the quixotic battle of abstinence only zealots
When the federal government was distributing funds for sex education with the catch that all sex ed programs backed by all that cash be abstinence-only, the state of California passed. Instead, its schools taught a much more comprehensive curriculum about human sexuality and gave teenagers access to contraception from a number of family planning services. The result? Teen pregnancy rates in the state are at their lowest ever as they’re rising across the nation, with the most abstinence zealous states tending to rack up the highest rates; New Mexico is leading the nation in teen births along with much of the South. Simply put, the numbers show that comprehensive sexual education works, abstinence-only dogma fails miserably in its mission, and those who still insist we stick with passing off scaremongering as legitimate education are demonstrably wrong.
People who tend to call themselves social conservatives are a puzzling movement. On the one hand, when it comes to business, personal finance, healthcare, and gun ownership, they’re all about individual rights with a heavy emphasis on taking responsibility for one’s actions. But when it comes to sex and religion, they have no faith in the very same people who they just trusted with just about everything else under the sun. In their view, sex should only happen for one reason and one reason only: reproduction. And so they stand in front of teens surging with hormones and feelings that are alien but oddly alluring to them, and tell them not to give in to the urges that have been ravaging teenage bodies for tens of thousands of years in our species alone. Then, just as it inevitably fails, they switch to scaremongering and forcing teens to choose against having sex by turning simple things like finding help, access to family planning, and buying birth control either difficult or taboo. Just to make it worse, abstinence only classes often lie about the efficiency of contraceptives, making it less likely that teenagers will use them, and actually raise the incidence of STDs and pregnancies.
Simply put, abstinence-only crusaders are a public health hazard right up there with anti-vaccination groups which refuse to immunize their kids despite having no grounds for their phobias. Oh sure, both groups will dispute this statement and both will summon a self-serving study of some sort to back up their stances, and in both cases, they’ll be wrong. While the anti-vaxers have a stable of quack doctors, not to mention a greedy fraud with a martyr complex, from which to draw their pseudoscience, the abstinence-only crowd has think tanks armed with fraudulent studies and outrageous, distorted and outright fabricated anecdotes. But again, when a state decides to teach teenagers about the reality of sex and makes all the necessary education and services accessible to more young adults, there is a very marked decrease in teen pregnancies. Actually, the current reversal in previously declining teen pregnancy rates happened in 2006 as the Bush administration’s round of federal funds for abstinence-only education made its way throughout the nation.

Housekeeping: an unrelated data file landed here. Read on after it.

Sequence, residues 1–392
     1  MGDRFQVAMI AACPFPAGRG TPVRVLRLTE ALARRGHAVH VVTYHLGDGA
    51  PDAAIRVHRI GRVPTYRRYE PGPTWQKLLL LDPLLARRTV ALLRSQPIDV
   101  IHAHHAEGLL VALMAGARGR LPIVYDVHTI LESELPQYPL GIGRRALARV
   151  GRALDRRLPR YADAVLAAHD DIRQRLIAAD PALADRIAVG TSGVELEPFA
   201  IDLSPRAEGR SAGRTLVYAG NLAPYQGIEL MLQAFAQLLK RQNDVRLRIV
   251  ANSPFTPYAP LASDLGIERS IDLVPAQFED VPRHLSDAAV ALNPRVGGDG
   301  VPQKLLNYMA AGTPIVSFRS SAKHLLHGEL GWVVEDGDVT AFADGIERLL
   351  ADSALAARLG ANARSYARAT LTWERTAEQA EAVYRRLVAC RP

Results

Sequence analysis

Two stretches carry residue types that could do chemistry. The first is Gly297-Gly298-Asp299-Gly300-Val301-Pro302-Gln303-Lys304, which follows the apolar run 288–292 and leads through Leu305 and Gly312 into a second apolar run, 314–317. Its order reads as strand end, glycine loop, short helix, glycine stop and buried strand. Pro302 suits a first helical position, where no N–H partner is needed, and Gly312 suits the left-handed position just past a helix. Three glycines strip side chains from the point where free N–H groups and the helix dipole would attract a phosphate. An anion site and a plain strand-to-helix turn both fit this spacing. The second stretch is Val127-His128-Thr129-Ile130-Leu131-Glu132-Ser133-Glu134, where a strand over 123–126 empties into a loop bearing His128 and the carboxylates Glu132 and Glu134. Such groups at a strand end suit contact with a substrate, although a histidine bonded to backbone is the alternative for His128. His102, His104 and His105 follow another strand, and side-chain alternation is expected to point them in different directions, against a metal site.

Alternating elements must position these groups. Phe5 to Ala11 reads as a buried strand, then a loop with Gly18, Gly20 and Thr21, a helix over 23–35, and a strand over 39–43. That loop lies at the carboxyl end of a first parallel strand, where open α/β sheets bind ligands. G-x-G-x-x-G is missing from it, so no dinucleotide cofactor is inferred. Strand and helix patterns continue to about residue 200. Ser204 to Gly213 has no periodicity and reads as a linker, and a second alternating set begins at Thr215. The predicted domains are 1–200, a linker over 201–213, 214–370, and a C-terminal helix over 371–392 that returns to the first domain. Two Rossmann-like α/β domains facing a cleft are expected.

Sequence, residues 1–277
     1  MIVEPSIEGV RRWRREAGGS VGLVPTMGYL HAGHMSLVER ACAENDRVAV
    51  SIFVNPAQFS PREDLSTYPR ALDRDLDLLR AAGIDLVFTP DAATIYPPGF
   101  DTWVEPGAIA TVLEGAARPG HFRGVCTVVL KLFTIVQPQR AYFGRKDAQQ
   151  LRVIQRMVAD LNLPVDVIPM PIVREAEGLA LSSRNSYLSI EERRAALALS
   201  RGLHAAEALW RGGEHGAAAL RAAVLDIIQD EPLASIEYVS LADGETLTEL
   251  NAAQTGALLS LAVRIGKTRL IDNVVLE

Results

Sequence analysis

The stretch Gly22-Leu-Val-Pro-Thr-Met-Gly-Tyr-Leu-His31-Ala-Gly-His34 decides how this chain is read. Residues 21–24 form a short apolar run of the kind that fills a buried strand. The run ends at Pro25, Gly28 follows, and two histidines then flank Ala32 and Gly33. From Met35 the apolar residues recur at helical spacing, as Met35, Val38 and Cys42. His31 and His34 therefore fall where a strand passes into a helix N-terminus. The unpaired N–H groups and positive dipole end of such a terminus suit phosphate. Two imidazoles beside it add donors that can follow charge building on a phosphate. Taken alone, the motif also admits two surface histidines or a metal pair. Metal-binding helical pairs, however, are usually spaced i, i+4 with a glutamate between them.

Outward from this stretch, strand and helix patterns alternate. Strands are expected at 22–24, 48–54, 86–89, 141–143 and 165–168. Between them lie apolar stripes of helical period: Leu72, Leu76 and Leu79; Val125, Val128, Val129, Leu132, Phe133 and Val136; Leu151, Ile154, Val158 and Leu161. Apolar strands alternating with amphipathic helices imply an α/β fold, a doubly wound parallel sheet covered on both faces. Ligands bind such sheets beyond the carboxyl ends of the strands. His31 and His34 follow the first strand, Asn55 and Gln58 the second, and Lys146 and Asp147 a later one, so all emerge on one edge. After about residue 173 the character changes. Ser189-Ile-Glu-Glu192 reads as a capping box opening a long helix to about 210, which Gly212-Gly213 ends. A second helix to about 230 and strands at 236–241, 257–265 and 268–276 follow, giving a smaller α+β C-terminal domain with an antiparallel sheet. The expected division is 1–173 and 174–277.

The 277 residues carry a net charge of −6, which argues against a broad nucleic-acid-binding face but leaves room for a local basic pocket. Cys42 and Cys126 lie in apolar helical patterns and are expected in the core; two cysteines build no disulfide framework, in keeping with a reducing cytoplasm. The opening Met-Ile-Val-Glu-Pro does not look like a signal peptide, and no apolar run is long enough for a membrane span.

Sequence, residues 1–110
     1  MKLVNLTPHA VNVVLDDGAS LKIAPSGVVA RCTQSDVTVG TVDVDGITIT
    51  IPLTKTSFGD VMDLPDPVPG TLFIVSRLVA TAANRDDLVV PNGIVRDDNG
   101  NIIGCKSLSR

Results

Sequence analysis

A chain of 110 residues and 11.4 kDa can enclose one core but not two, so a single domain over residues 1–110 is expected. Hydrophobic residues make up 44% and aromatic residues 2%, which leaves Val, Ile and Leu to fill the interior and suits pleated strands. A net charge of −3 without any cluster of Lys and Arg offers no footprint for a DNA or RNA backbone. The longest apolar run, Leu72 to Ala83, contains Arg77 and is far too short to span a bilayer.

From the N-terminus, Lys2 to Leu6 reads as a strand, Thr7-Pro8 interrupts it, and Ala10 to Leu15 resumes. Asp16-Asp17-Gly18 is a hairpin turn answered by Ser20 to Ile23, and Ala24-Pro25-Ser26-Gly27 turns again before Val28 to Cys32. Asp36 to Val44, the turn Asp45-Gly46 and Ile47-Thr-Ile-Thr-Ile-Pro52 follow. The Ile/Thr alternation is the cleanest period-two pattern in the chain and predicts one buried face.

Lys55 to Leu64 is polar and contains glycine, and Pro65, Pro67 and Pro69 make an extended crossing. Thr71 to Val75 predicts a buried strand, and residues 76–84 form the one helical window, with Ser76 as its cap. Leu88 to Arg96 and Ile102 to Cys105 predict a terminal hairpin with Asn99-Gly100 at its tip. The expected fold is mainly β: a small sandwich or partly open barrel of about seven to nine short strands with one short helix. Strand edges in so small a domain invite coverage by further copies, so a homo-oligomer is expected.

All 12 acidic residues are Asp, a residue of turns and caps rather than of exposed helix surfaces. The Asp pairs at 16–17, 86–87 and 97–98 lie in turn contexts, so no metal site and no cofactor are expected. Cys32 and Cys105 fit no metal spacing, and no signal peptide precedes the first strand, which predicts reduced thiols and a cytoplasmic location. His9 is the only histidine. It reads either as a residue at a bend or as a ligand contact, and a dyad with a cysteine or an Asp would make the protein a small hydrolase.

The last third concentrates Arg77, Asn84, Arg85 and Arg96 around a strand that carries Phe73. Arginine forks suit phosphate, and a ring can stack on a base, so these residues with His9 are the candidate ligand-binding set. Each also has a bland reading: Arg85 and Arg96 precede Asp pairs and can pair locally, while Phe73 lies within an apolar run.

Yes, it’s true that during the Clinton era there was also a big round of investment in abstinence-only curricula and teen pregnancies still fell. However the Bush round of funds invested far more aggressively in atrocious programs which were often administered by religious organizations and required zero scientific content. As a result, we’ve seen more and more aggressive abstinence-only programs with an obvious religious and dogmatic overtone, feeding less and less legitimate scientific content to the students that really need it. This isn’t so much a partisan issue as it is a failure to get facts into the classroom on both sides of the aisle. Keep in mind, Clinton fired Surgeon General Joycelyn Elders for saying that masturbation was normal and healthy, and maybe someone ought to consider covering it in sex ed classes. Only with Obama has there been some indication of change towards sex ed programs on the national level, but that indication is still stuck between a campaign speech remark and an actual bill to fund comprehensive sexual education. There’s only a cut to the current stable of abstinence-only programs, something that doesn’t do much to reverse the situation.
So if abstinence programs are getting worse and worse, why are comprehensive programs better? Well, first is the fact that they actually explain safe sex practices and encourage teens to use contraception. This means that when teens have sex, they’re far less likely to get an STD or get pregnant. On top of that, a comprehensive class explains the financial and academic reasons to delay sex. The point is to tell teenagers that sex should not be the most important thing in their lives and they have other, much more pressing matters to which they need to attend. But if they do decide to have sex, they better choose their partners wisely and use protection to mitigate the risks. Rather than promote rampant teen sexuality, as abstinence-only dogmatists accuse these programs of doing, a good comprehensive sex ed curriculum does three things: delays when teenagers start having sex, educates teens on proper contraception, and gives them a complete picture of human sexuality as a healthy part of adult life rather than some dangerous and forbidden fruit magically made safe and wonderful by a wedding ring. While crazed abstinence-only activists threaten to sue teachers for saying that sex is just a normal human desire, all they’re doing is showing their irrationality on the subject. And unfortunately, far too many of our politicians are eager to bend over and help their harmful and irresponsible crusade.